A different take on Mike Mansfield

Don Oberdorfer has written one of those rare biographies of a familiar public figure that sheds important new light on his subject — in this case, the late Mike Mansfield, one of the most important and respected Americans of the 20th century.

It’s not surprising that a different Mansfield emerges from Oberdorfer’s book than the one who died two years ago at the age of 98 after 34 years in Congress, including a record-breaking 16 years as Senate majority leader before retiring in 1976. This was followed by almost 12 years as U.S. ambassador to Japan under Presidents Carter and Reagan, and a dozen more as a Washington-based adviser on China for Goldman Sachs.

Famed for his terse “yup” and “nope” responses to reporters’ questions, the taciturn Montana Democrat was notoriously resistant to talking about himself. “When I’m gone, I want to be forgotten,” he invariably told those — including this reviewer — who implored him to write his memoirs or cooperate in an oral history project or biography.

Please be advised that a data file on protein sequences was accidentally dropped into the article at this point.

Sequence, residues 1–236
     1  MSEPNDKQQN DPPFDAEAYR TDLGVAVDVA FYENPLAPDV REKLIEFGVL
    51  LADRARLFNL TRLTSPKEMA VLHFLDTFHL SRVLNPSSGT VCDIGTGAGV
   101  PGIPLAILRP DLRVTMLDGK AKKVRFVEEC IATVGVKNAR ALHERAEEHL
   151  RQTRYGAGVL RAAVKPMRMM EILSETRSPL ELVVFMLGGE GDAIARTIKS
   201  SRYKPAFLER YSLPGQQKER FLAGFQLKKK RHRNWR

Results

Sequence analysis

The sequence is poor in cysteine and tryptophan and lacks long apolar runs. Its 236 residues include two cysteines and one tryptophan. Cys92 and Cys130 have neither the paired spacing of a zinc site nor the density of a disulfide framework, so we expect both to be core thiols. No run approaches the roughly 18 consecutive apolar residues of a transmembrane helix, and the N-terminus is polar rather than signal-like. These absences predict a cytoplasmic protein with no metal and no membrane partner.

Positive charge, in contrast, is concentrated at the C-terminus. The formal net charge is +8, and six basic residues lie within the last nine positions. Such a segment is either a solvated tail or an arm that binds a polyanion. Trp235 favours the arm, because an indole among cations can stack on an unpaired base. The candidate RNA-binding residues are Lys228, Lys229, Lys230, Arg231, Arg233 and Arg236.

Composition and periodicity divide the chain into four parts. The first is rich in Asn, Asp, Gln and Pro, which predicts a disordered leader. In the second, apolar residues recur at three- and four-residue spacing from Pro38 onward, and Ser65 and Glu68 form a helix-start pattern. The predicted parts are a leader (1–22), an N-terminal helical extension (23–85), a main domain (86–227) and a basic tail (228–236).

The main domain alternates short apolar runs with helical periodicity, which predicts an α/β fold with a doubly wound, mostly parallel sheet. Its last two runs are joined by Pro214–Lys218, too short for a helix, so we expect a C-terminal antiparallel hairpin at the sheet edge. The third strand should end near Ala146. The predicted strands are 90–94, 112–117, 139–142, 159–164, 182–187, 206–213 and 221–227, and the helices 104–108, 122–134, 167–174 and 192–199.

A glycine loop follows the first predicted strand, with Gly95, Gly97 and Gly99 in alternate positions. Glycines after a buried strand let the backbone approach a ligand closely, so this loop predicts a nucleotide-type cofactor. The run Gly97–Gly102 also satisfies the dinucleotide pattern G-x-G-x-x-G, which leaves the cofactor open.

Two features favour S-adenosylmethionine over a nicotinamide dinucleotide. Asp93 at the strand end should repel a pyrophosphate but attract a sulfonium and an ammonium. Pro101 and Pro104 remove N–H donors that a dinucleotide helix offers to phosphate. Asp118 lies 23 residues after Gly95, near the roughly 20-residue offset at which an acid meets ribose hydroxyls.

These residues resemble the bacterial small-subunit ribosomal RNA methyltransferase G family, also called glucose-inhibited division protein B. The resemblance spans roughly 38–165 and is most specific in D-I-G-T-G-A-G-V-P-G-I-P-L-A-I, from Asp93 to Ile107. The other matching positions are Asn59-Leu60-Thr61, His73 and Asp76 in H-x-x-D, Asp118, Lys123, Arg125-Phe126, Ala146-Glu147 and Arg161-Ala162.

But Oberdorfer persisted, and Mansfield basically agreed not to stand in his way. Oberdorfer, a former Washington Post reporter and author of four previous books, including two about Mansfield’s favorite subject, Asia, persuaded Mansfield to share his lifelong diaries and his voluminous archives at the University of Montana, and to sit down for 32 interviews in the last three years of his life.

And what a remarkable life it was. Born in New York City to Irish immigrants, he and two sisters were sent to live with an uncle in Great Falls, Mont., after their mother died. He ran away from home and joined the Navy before his 15th birthday by falsifying his age, and served in all three military services before he was out of his teens.

Most important, the Marines sent him to China, which sparked a lifelong interest in East Asia. He returned to Montana and worked for 10 years as a copper miner in Butte, where he met his wife, Maureen, who steered him away from the brutal mining life to the university, a professorship in Asian history and, ultimately, a life of public service.

While Oberdorfer’s brilliant book gives Mansfield his due, it also disproves his widely held image as a kind of laconic, pipe-smoking Gary Cooper who was devoid of ambition and above partisan politics, and was beloved by all as he ran the Senate with an egalitarian hand.

Indeed, Mansfield was, at least in the early years of his public life, as ambitious as any young gunslinger out to make a name for himself. He also wasn’t above padding his r